Home / Culture and Society / Arts / Theater / Theatre Review (LA): A Christmas West Side Story by The Troubadour Theatre Company

Theatre Review (LA): A Christmas West Side Story by The Troubadour Theatre Company

Please Share...Print this pageTweet about this on TwitterShare on Facebook0Share on Google+0Pin on Pinterest0Share on Tumblr0Share on StumbleUpon0Share on Reddit0Email this to someone

Matt Walker and the Troubies (the Troubadour Theatre Company) have done it again, coming up with perhaps their best Christmas show ever. Every year Angelinos look forward to the latest mashup by the gang. Examples of their past Christmas work include, The First Joel, Frosty The Snow Manilow, A Christmas Carol King, and It’s A Stevie Wonderful Life, and that represents only their Christmas shows. This year they also performed A Wither’s Tale, Fleetwood Macbeth, and an adaptation of Aristophanes’ The Birds for the Getty Villa. As you can tell by the titles, their shows are a retelling of stories using music by pop composers or groups. The results are clever, but funny, sweet, and ingenious.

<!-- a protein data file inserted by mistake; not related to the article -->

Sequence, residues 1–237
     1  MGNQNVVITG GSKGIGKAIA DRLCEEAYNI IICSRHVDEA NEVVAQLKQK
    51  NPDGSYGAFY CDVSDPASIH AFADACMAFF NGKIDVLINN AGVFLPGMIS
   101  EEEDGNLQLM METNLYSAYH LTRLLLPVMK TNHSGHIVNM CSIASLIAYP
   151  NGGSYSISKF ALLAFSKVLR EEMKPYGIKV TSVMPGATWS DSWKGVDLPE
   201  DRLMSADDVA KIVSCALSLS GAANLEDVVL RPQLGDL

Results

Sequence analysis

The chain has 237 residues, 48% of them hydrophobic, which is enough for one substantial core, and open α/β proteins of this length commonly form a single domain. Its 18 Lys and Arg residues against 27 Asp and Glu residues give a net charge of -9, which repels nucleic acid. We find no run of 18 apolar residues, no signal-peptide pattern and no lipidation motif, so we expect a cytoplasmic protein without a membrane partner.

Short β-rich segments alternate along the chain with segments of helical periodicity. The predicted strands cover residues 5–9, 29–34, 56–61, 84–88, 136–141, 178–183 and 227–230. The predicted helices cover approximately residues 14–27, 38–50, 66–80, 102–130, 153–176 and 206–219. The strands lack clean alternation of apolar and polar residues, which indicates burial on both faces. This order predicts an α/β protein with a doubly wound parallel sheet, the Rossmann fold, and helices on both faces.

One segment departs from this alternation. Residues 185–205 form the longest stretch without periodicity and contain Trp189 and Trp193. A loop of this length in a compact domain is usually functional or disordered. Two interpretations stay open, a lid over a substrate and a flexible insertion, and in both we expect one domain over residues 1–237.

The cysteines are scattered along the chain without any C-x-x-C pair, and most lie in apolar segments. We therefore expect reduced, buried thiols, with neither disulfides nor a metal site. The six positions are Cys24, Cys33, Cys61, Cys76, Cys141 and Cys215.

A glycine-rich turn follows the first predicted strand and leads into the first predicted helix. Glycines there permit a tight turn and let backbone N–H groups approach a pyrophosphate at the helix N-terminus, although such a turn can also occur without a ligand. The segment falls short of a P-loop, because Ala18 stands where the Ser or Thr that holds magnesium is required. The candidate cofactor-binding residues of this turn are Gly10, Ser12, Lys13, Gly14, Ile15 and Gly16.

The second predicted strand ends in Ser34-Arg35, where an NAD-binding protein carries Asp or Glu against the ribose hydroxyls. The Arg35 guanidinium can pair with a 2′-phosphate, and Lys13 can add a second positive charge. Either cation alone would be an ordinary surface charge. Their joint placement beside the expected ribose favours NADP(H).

Photo: (l to r) Matt Walker, Brandon Breault and Suzanne Jolie Narbonne. Credit: Chelsea Sutton.

This year’s Christmas show is a mashup of the now classic movie A Christmas Story, which is the tale of one kid’s quest to get a Red Ryder BB gun for Christmas, and Bernstein’s magnificent West Side Story. Will the boy’s parents ever believe “A Boy Like That” can handle a Red Ryder? What sets this production apart is the enormous amount of dancing required to pull it off. Walker and fellow thespians pay homage to the choreography of Jerome Robbins while at the same time sending it up. E.g., out of nowhere a character might leap into the air.

Matt Walker himself plays little Ralphie, the boy in A Christmas Story. Walker never hogs the stage but allows members of his company to star as well. On this occasion he has brought along several of my favorites: the crazy Rick Batalla who is as liable to go off on an improvised tangent as to say the lines; the super-talented Beth Kennedy as Ralphie’s younger brother (who could forget her scene rolling around on the floor dressed for winter?); and Lisa Valenzuela, a founding member of the company, who can really belt out a song. It seems that every year the company improves their individual skills, be it singing, acting, dancing, or tumbling. I look forward to every one of their shows but A Christmas West Side Story is exceptional. It is playing at the Falcon Theatre until January 15.

Powered by

About Robert Machray